sel Operation.
Club Europa: Guest meeting,
8:15 p.m., International Center.
Committees meet at 7:30 p.m.
Wolverine Club: Meeting, 7:15
p.m., Rm. 3D, Michigan Union.
Agenda: Discussion and planning
of future club activities. All in-
terested students welcome.

Letters to the Editor ...

Le Cercle Francais: 8 p.m.,
Hussey Room, Michigan League.
Short informal talk on "le surrea-
lisme," by a student from France.
Papular French songs, social
games. Admission of new mem-
Pershing Rifles: Business meet-
ing and drill, 7 p.m., R.O.T.C. Rifle
Range. All members must make
uniform deposit. Pledges Will at-
Polonia Club: Meeting, 7:30
p.m., International Center. Stu-
dents of Polish descent invited.
IZFA Study Group, Rm. 3A,
Michigan Union, 7:45 p.m.
Square Dance Group: 7:30 p.m.,
Lane Hall.
Understanding World Faiths
Seminar: 7:30 p.m., Lane Hall.
Christian Science Organization:
Meeting, 7:30 p.m., Upper Room,
Lane Hall.
AX.C.: Executive Committee
ieeting 7::0 p.m., 3rd floor,
Michigan Union. Consideration of
prospective committee chairman.
All interested members urged to
Coming Events
Music Forum, "Planning a
Teaching Career," Dr. Clyde Vro-
man of the University School of
Music Faculty, chairman of panel
composed of : Mr. Charles E. Lut-
ton, Clark-Brewer Teachers'
Agency, Chicago; Dr. William R.
Sur, Michigan State College; Mr.
Haydn Morgan, Michigan State
Normal College; Miss Marguerite
,Hood, University School of Mu-
sic; and, Mr. Luther Purdom, Uni-
versity Appointment Bureau;
sponsored by Phi Mu Alpha
Sinfonia. 8:30 p.m., Thurs., Nov.
11, Rackham Assembly Hall. Open
discussion. The pubic is invited.
Engineering Council: Meeting,
7:30 p.m., Wed., Nov. 10, W. En-
gineering Bldg.
A.S.M.E.: Meeting, 7:30 p.m.,
Wed., Nov. 10, Rm. 348, W. Engi-
neering Bldg. Dr. R. O. Fehr, re-
search director of General Elec-
tric, will talk on "The Fight
Against Vibration and Noise." All
those interested are invited.
Modern Poetry Club: 7:30 p.m.,
Wed., Nov. 10, Russian Tearoom,
Michigan League. See Gerald M.
Hopkins' poems, in Oscar Wil-
liams' Anthology.
Institute of Aeronautical Sci-
ences: Meeting, 7:30 p.m., Wed.,
Nov. 10. Rm. 3 R-S Michigan
Union. Prof. W. C. Nelson will
speak on the subjects, "Aviation
Job Opportunities," and "Some
Aircraft Developments in Great
Britain." Group picture for the
'Ensian will be taken.
All Aero students and faculty
Delta Sigma Pi, Professional
Business Fraternity: Business
meeting, 8:30 p.m., Wed., Nov. 10,
Chapter House. Pledges meet at
7:30 p.m.
Toledo Club: Meeting Wed., Nov.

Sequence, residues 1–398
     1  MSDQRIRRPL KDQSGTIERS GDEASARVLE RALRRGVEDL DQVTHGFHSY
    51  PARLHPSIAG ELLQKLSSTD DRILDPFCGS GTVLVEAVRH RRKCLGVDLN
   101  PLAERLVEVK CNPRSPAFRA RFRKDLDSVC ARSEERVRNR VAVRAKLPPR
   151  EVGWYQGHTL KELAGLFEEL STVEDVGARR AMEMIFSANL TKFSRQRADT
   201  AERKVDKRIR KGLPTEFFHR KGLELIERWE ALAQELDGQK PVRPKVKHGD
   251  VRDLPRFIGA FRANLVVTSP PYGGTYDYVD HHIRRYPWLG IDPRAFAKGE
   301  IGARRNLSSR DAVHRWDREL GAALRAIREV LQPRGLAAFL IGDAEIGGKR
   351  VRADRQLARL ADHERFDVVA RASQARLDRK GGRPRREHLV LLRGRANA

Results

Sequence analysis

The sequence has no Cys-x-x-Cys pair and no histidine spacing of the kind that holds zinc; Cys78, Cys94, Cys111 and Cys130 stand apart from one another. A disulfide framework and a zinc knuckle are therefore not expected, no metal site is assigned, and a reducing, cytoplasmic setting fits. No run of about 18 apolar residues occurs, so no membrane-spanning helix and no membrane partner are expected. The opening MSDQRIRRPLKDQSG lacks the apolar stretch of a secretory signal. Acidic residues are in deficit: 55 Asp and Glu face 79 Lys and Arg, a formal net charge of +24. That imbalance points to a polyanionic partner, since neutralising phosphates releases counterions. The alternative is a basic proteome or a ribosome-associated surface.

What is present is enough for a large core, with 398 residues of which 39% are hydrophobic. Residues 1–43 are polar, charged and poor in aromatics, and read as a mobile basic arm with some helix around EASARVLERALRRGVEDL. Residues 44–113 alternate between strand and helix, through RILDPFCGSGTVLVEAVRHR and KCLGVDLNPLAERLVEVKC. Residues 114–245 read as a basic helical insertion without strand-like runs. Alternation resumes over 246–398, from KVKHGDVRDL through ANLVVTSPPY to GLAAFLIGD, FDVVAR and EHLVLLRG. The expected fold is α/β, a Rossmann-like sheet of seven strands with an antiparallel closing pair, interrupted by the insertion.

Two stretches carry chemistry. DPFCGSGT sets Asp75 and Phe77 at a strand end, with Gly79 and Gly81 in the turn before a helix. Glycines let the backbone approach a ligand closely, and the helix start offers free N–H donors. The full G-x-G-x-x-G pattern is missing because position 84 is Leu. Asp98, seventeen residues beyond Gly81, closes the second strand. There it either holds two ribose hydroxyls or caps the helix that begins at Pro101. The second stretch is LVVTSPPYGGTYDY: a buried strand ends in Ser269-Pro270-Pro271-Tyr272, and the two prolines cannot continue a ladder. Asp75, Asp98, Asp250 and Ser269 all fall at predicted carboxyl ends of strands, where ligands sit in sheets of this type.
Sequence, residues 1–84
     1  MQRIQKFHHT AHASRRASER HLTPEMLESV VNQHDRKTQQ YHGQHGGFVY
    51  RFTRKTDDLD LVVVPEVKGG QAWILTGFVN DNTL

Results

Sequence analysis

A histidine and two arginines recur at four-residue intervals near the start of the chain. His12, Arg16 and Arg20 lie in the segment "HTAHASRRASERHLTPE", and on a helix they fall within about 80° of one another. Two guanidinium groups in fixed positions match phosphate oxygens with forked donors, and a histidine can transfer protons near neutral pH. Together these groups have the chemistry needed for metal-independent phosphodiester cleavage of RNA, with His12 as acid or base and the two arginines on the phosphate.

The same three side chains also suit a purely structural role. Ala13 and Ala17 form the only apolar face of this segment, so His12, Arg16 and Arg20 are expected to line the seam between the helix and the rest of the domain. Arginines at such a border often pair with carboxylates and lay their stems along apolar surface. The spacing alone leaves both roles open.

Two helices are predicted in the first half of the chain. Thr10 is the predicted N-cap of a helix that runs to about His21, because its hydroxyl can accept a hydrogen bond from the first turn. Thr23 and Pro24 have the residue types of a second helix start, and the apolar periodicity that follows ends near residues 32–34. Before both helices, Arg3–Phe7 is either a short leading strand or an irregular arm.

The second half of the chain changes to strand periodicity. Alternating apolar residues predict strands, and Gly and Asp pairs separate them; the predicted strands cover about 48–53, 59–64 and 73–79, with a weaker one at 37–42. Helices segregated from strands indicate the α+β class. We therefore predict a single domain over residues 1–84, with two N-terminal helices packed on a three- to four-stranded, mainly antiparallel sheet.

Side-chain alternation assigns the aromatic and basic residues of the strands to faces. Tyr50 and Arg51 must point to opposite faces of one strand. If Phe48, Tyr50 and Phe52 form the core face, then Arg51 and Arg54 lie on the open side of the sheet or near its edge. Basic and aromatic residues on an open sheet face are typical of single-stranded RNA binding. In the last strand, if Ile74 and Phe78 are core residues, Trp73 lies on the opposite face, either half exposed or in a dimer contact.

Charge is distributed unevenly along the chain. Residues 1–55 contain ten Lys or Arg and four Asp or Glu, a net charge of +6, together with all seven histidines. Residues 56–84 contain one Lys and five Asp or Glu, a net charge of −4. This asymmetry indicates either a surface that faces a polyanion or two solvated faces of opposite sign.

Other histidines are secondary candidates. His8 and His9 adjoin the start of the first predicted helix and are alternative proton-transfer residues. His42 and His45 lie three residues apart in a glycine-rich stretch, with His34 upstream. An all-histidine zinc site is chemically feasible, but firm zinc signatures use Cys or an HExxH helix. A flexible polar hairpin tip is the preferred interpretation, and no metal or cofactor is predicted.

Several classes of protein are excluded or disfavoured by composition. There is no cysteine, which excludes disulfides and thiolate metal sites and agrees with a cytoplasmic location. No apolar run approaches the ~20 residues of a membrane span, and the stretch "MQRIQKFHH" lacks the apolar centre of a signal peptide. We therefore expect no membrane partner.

10, 7:30 p.m., Michigan League.
Discussion of Operations Christ-

The Daily accords its readers the
privilege of submitting letters for
publcation in this column. Subject
to space limitations, the general pol-
icy is to publish in the order in which
they are received all letters bearing
the writer's signature and address.
Letters exceeding 300 words, repeti-
tious letters and letters of a defama-
tory character or such letters which
for any other reason are not in good
taste will not be published. The
editors reserve the privilege of con-
densing letters.,
Election Thoughts
To the Editor:
IN MY LETTER to The Daily of
October 30, I expressed my
faith in Tom Dewey together with
the assumption that he would be-
come the next President of the
United States. I do not retract that
faith in Governor Dewey. Though
he did not win the presidency, I
sincerely hope that his ability, his
honesty, and his courageous ex-
ample will bear much influence
upon national affairs in the fu-
At the same time, I must ex-
press my warmest admiration for
Missouri's Harry Truman who
stuck out his chin at everybody in-
cluding the "powers that were" in
the Democratic Party, licked the
odds, won the ears of grass-roots
voters and took the prize.
It's Harry Truman's show. He
doesn't owe anybody anything ex-
cept the American people who
elected him and who have asked
a unified foreign policy, some anti-
inflation and housing legislation,
and a continued progressive cap-
italism to keep the nation pros-
While expressing this feeling
about the man who defeated my
own candidate, I must direct any
bitterness which I have toward
Colonel McCormick, his Illinois
machine, and the other isolationist